Putting a price on emissions is generally more efficient than other measures, such as technology standards or prohibiting certain economic activities, because a price instrument incentivizes firms to use the most cost-efficient technologies to lower emissions and so it avoids further market distortions. Additionally, pricing emissions also generates revenue, which the government can use for complementary measures such as green spending, or for the compensation of adversely affected households or firms.

However, while carbon pricing is a necessary policy instrument, additional policies are required to decarbonize the economy. For instance, underpriced carbon emissions are not the only market failure related to climate change: knowledge spillovers in technological innovation (“learning”) of new lowcarbon technologies will need to be addressed with appropriate policy instruments such as subsidies for research and development (Acemoglu et al. 2012; Fischer and Nevell 2008) or green industrial policies. Additional public interventions and investments are necessary to transform existing infrastructure, for example in the electricity and transport sectors (Guivarch and Hallegatte 2011). While the high carbon prices needed to decarbonise the economy (see below) will not significantly impact global or US economic growth (Clarke et al. 2014; Goulder et al. 2019), complementary policies would have the additional advantage to increase the response elasticity to a carbon price. Also, regulation by emission standards may be preferable for example when it cannot be assumed that the revenue will be spent progressively (Davis and Knittel, 2019; Fullerton and Muehlegger, 2019; Stiglitz, 2019).

Carbon pricing has been increasingly introduced as part of national or subnational climate policies around the world. Currently, 56 carbon pricing schemes have been implemented, covering 46 nation states; in addition, there are 28 carbon pricing initiatives at the subnational level. The Paris Agreement, the global climate agreement of 2015, relies on voluntary so called “Nationally Determined Contributions” from individual countries to achieve global emission reductions, which states must plan accordingly and report on. Within the context of these national climate plans, 96 countries have stated their intent to implement carbon pricing (World Bank Group, 2019).

The level of carbon prices greatly varies. Sweden currently has the highest carbon price in the world at US$127/tCO2 – this applies to most of the sectors not already covered under the EU emission trading system. So while carbon prices differ across sectors and are not perfect, the the country is an example that carbon pricing is working: The carbon tax was introduced in 1991. Between 1990 und 2013 the Swedish economy grew by 58% – which is several percentage points above the OECD average – while carbon emissions decreased by 23% (Andersson and Lövin, 2015). However, the carbon price under most schemes is still below the range required to reach the goals of the Paris Agreement.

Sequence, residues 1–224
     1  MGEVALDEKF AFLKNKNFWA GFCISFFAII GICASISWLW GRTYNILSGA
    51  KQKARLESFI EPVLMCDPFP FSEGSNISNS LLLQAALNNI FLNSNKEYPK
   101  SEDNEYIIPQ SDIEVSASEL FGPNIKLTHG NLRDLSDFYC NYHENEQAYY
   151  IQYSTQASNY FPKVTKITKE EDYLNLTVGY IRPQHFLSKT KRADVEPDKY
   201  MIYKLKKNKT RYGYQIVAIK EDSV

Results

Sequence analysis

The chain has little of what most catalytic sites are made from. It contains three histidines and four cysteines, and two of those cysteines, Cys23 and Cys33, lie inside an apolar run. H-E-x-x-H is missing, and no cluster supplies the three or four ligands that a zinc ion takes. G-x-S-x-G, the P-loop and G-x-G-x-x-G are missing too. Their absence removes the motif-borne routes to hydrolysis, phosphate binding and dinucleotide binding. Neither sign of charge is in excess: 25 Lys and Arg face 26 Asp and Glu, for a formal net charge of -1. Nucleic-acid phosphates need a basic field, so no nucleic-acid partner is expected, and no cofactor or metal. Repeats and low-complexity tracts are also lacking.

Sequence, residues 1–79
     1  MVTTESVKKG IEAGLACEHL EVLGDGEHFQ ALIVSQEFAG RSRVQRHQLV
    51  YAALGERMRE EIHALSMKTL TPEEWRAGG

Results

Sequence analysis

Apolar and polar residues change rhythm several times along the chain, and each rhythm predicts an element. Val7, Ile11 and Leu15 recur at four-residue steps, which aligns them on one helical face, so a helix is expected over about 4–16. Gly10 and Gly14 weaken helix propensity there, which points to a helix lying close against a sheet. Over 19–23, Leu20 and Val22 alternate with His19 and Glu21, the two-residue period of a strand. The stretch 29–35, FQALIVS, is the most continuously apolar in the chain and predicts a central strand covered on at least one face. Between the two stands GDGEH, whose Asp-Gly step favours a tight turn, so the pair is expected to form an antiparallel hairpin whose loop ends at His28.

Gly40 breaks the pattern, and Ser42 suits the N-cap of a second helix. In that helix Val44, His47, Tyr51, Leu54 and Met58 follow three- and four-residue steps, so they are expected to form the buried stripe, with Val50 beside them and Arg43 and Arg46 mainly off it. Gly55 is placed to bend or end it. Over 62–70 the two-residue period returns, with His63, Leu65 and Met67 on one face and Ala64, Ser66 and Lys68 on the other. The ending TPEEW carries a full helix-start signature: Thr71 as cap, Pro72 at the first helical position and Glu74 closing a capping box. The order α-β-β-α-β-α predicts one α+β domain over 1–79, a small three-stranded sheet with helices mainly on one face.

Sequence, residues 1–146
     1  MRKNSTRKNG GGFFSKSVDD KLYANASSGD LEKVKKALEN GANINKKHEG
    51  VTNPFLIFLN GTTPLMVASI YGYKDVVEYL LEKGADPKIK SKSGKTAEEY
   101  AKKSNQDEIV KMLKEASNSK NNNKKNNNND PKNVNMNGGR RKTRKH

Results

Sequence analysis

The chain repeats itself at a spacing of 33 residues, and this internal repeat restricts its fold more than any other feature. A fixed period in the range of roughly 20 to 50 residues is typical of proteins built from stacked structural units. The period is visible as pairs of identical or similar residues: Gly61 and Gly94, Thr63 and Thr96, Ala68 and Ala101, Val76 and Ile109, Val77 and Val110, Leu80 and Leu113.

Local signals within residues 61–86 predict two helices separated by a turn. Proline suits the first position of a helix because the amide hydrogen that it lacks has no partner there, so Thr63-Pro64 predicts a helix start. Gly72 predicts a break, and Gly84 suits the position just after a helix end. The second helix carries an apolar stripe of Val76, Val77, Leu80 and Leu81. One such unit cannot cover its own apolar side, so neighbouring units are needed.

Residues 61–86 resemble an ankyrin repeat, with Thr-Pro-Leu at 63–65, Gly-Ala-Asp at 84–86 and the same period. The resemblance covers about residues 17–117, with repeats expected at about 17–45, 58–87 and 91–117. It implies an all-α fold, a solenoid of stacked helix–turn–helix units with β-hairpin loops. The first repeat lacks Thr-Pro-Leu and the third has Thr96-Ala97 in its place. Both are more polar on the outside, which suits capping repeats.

The Intergovernmental Panel on Climate Change (IPCC) estimated that the appropriate global carbon price to limit warming to 2°C over pre-industrial levels is $40-$70/tCO2 in 2020, raising to $70-$105 in 2030 (Clarke et al., 2014, Ch. 6). The more recent World Bank High-Level Commission on Carbon Prices finds similar numbers to reach the temperature targets of the Paris Agreement (Stiglitz and Stern, 2017). Although more carbon pricing schemes have been introduced in recent years, their scale and ambition is completely inadequate to achieve the necessary emissions reductions. At the time of writing, approximately 20% of current global greenhouse gas emissions are covered by a carbon price and most prices are below the $40-80/tCO2 range.

The Public Finance of carbon tax reforms

Public economics analyzes carbon pricing traditionally in terms of its effects on equity and efficiency. Such analyses yield important insights regarding the exact design of a carbon pricing reform, but they are irrelevant as long as carbon pricing fails at garnering sufficient support to be implemented. Nevertheless, designing carbon pricing in the most equitable and efficient fashion is a necessity for enhancing its acceptability. Therefore, we start by summarizing three major sets of findings from public economics: theoretical results on carbon prices under distributional constraints, comparative assessments using micro data-based general equilibrium models and estimations of short term responses to carbon prices.

The first major set of findings shows how the design of carbon tax reforms is impacted by different types of constraints. For instance, in the case of a government that uses different taxes to finance a yearly budget, there might be a (weak) “double dividend” – i.e. a reduction in the overall cost of carbon pricing – if carbon pricing revenues are used to lower other taxes (Goulder, 2013). Regarding distributional constraints, it has been shown, for instance, that returning the carbon pricing revenue as equal-per-capita dividends is preferred by a government predominantly focusing on equity (Klenert and Mattauch, 2016). Real-world governments also face political and informational constraints, resistance from special interest groups and pre-existing distortionary taxes. As a consequence, economic analyses in this context will always be “second-best”, analyzing the impact of (optimal) carbon pricing reforms in a constrained environment.